We’ve all seen the incredibly inaccurate biopic “Braveheart,” also known as the realization of Mel Gibson’s fantasy that he is a steadfast hero fighting against a repressive regime while getting it on with all the ladies in his spare time. According to Gibson’s fantasy, Wallace always hooks up with the wronged Isabelle of France, the wife of England’s heir presumptive, and secretly fathers the next in line to the throne of England. Of course not only is this all wrong, but it also reduces Isabelle to being little more than a Scottish folk hero’s romantic interest. Isabelle’s story is very interesting on its own, and she wasn’t just anyone’s love interest, but very much a mover and a shaker in her own right.
Isabelle was born in 1295, the daughter of Philip le Bel of France and Joan of Navarre. When she was twelve years old, she traveled across the English Channel to marry King Edward II of England. She had high hopes for this marriage; she had been trained her entire life to be a queen, and she expected that she would be treated with the same respect that her mother was in France. But her hopes were to be dashed. Her husband, Edward, already had eyes for someone else: his favorite, a young man named Piers Gaveston. Right away, he gave Gaveston some of the jewels that were part of Isabelle’s dowry. To make matters worse, at the young couple’s coronation, Gaveston carried the crown into Westminster Abbey, and he, not Isabelle, sat by the king at the coronation banquet. Isabelle’s uncles, who had chaperoned the young bride-to-be to England, returned to France in a huff, furious that their niece should be treated in such a way. This marriage was supposed to cement a peaceful alliance between France and England, but it looked like Gaveston held a higher place in court than the young queen did.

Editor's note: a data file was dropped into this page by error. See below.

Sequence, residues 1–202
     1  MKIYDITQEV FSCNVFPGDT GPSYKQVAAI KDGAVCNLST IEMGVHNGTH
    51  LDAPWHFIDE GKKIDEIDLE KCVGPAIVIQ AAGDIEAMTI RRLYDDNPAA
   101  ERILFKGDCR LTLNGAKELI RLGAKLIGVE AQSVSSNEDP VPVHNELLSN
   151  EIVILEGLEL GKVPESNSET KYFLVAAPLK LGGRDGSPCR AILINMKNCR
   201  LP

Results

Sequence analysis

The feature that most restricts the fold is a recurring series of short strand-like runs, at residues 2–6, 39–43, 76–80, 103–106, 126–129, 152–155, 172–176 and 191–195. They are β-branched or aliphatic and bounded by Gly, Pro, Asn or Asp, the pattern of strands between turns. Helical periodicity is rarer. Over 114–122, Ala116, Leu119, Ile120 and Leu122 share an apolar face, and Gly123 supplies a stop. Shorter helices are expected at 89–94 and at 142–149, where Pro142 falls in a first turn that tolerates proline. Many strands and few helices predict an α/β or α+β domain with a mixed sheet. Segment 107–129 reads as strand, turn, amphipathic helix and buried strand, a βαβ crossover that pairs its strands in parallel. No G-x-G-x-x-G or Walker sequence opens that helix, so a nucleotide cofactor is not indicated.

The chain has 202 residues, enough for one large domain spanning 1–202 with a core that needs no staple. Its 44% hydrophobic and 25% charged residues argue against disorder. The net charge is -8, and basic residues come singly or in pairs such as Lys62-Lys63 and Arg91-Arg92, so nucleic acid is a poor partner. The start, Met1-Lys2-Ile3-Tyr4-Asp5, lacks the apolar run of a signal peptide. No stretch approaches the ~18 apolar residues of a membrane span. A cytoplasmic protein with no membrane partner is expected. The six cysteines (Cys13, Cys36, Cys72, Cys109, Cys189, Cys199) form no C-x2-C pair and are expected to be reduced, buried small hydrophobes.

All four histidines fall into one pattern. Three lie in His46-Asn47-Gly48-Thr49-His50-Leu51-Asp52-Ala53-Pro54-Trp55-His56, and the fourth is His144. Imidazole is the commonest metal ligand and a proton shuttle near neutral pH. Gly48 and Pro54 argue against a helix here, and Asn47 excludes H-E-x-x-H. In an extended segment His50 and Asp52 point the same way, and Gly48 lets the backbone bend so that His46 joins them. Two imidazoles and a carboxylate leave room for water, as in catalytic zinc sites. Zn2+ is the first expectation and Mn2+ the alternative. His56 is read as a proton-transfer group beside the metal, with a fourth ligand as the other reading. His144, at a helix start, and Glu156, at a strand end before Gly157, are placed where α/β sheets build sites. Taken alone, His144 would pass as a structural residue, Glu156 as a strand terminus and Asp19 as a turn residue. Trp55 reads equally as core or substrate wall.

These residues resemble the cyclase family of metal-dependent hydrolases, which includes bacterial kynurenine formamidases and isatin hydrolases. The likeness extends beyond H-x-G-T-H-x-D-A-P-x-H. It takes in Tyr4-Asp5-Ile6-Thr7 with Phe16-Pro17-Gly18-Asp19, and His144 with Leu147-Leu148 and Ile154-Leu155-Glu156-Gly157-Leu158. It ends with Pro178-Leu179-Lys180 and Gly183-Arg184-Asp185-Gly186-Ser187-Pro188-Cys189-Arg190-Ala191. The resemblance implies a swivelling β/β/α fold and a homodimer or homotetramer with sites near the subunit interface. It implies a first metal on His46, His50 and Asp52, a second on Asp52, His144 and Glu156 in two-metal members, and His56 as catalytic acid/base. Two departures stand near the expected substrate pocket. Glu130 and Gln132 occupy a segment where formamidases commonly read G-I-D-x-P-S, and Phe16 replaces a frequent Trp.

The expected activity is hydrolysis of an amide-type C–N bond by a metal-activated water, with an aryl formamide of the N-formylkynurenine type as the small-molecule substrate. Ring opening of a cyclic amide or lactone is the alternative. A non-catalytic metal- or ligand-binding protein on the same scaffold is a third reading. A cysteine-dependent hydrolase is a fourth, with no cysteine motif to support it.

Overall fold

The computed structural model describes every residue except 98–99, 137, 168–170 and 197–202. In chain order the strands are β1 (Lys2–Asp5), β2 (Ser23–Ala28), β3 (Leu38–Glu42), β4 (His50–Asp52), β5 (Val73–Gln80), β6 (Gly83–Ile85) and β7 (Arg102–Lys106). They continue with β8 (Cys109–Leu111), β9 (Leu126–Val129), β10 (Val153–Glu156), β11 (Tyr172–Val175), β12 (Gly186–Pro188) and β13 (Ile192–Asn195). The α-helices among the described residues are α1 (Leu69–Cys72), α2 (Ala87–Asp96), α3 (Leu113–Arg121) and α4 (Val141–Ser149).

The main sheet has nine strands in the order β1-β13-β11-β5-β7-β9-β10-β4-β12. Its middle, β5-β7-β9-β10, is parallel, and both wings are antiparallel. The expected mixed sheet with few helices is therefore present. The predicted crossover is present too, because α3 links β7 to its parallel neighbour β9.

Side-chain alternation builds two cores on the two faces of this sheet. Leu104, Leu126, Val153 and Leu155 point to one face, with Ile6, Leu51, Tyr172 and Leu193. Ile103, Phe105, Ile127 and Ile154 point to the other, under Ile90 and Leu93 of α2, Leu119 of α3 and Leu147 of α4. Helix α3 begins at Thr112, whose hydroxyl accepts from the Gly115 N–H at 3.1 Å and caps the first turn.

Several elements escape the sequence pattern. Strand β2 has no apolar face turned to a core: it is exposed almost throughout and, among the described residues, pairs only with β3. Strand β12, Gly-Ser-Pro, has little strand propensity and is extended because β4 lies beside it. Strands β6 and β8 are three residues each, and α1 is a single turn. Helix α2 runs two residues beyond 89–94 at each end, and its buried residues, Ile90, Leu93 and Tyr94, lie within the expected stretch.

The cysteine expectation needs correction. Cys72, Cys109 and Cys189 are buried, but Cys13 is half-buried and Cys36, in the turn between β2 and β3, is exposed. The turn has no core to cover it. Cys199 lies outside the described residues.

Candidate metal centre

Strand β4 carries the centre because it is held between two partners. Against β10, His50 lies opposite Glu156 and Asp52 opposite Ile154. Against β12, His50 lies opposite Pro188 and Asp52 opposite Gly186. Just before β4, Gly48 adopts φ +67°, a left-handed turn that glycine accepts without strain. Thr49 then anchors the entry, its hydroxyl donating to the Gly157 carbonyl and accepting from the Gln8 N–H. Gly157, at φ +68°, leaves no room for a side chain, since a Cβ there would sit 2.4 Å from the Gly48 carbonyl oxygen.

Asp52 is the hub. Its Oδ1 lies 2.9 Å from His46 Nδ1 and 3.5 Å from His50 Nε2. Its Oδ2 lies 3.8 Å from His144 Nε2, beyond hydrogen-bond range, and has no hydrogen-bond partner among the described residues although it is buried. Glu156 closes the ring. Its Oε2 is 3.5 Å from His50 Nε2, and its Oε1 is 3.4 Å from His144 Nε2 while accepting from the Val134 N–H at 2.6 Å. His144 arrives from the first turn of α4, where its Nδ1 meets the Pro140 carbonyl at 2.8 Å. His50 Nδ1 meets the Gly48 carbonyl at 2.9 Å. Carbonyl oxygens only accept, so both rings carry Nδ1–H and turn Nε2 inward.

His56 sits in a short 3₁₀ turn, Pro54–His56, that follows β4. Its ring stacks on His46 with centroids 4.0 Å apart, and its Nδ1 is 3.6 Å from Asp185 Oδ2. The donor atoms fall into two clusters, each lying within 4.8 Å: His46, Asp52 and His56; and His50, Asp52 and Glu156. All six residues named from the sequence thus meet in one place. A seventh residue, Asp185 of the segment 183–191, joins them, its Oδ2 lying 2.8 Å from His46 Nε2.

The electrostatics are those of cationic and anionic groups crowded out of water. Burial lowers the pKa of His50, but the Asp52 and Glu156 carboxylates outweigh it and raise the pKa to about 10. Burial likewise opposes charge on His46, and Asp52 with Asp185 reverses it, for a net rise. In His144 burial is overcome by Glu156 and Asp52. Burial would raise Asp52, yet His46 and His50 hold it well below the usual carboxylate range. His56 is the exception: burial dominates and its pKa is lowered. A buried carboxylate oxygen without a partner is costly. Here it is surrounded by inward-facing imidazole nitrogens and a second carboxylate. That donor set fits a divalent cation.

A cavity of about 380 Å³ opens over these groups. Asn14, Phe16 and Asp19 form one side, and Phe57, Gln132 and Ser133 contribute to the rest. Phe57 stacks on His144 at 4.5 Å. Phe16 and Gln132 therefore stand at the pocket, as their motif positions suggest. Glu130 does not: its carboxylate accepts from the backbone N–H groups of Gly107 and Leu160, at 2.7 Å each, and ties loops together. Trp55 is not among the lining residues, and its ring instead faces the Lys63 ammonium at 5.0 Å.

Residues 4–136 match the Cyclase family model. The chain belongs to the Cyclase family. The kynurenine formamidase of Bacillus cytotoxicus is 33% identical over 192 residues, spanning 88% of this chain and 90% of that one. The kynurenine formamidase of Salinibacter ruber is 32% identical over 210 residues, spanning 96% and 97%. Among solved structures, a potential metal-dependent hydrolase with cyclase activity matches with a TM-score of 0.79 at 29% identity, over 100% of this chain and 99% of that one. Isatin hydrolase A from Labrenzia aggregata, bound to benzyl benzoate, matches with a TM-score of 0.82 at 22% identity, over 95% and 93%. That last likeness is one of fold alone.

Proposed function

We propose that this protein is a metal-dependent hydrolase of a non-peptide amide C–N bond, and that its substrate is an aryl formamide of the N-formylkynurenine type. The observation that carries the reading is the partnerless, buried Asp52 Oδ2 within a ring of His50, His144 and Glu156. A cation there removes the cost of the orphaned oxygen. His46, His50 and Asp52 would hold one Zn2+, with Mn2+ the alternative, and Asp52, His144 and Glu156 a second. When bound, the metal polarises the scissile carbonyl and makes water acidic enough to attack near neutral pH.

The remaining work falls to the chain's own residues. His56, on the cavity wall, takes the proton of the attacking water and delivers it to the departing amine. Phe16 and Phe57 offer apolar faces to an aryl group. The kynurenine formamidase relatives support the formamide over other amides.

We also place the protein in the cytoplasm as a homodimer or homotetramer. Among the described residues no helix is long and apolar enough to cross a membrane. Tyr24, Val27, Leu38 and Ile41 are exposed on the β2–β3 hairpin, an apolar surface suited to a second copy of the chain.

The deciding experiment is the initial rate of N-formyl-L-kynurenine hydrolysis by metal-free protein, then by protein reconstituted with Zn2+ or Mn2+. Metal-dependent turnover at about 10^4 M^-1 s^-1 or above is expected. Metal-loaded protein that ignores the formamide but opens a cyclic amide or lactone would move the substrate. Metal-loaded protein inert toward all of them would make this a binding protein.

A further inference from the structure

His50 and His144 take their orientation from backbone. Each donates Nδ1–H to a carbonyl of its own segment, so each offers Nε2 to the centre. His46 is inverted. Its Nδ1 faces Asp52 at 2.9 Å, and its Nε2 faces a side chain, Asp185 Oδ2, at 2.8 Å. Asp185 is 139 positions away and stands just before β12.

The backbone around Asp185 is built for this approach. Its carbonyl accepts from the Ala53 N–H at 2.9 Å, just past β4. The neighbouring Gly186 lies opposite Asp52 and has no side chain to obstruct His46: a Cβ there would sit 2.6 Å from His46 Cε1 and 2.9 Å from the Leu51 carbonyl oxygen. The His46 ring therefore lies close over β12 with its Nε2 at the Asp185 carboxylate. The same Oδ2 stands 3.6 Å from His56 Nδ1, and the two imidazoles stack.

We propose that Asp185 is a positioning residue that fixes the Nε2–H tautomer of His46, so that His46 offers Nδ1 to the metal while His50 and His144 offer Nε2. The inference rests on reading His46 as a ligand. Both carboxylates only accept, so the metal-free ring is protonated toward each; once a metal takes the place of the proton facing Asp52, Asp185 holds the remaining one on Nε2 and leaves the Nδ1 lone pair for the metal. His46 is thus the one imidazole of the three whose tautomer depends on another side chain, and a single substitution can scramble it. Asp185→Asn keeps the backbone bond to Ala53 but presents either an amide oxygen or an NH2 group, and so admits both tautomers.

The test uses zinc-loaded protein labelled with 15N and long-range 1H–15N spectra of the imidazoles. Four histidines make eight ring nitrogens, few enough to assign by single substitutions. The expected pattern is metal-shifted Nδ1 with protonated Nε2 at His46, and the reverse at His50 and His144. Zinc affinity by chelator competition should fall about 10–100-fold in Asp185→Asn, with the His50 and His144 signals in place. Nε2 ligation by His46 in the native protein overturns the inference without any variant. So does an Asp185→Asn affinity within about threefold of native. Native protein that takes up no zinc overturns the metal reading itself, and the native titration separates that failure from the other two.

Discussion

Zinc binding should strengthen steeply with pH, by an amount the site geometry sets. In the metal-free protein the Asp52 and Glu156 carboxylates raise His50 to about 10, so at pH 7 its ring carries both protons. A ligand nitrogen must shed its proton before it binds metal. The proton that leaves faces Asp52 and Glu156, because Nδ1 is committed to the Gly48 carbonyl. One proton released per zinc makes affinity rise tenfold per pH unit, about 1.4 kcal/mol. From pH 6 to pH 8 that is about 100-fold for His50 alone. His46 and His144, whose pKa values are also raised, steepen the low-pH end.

But things were about to get worse for Gaveston. There was a group of nobles who despised Gaveston and who thought his influence over the king was detrimental to the realm. When Gaveston was at one of his country estates, they forced their way in, dragged him out, beheaded him, and paraded the corpse through the town. Edward II was incensed that they would have the audacity to do this, and he ordered that the nobles involved in Gaveston’s death be captured and executed for treason. But Isabelle stepped in as queens were expected to do as bringers of peace: she publicly knelt before her husband’s throne and begged that he show mercy to the nobles. The king changed his mind and pardoned them. The couple’s marriage remained relatively stable for about ten years, during which time Isabelle bore the heir to the throne, Edward III. Isabelle was canny enough to realize that this changed her position in England completely. No longer was she simply the queen, but she was also the mother of the heir to the throne, and that gave her some power and clout among the nobles. And Isabelle was all too willing to use it.
While on pilgrimage to Canterbury, Isabelle and her retinue decided to stop for the night at the castle at Leeds. Lady Badlesmere, the castle’s chatelaine, denied the queen lodging for the night. Perhaps Lady Badlesmere’s actions were justified, because her husband was one of the nobles involved in the rebellion against the king. Isabelle, however, was incensed at having to spend the night out in the cold. She had Lady Badlesmere and her children taken to the Tower of London and had some members of the Badlesmere household hanged outside the gates of Leeds castle. This was only just a taste of how vindictive Isabelle could be. Yet even though she may have been a bitch when crossed, Isabelle was adored by the general public. She was seen as a charitable queen who performed all sorts of good works for the sick and the poor. Both of these qualities would only help her in the long run.
Isabella’s return to England
After this, Edward and the nobles finally went to war, and Isabelle and her children entered the refuge of the Tower of London. It was here that Isabelle met Roger Mortimer for the first time. Roger had been imprisoned and sentenced to death by starvation by the Despensers, yet Isabelle intervened on his behalf and brought him food. Needless to say, they left quite an impression on each other, and this signaled the beginning of things to come.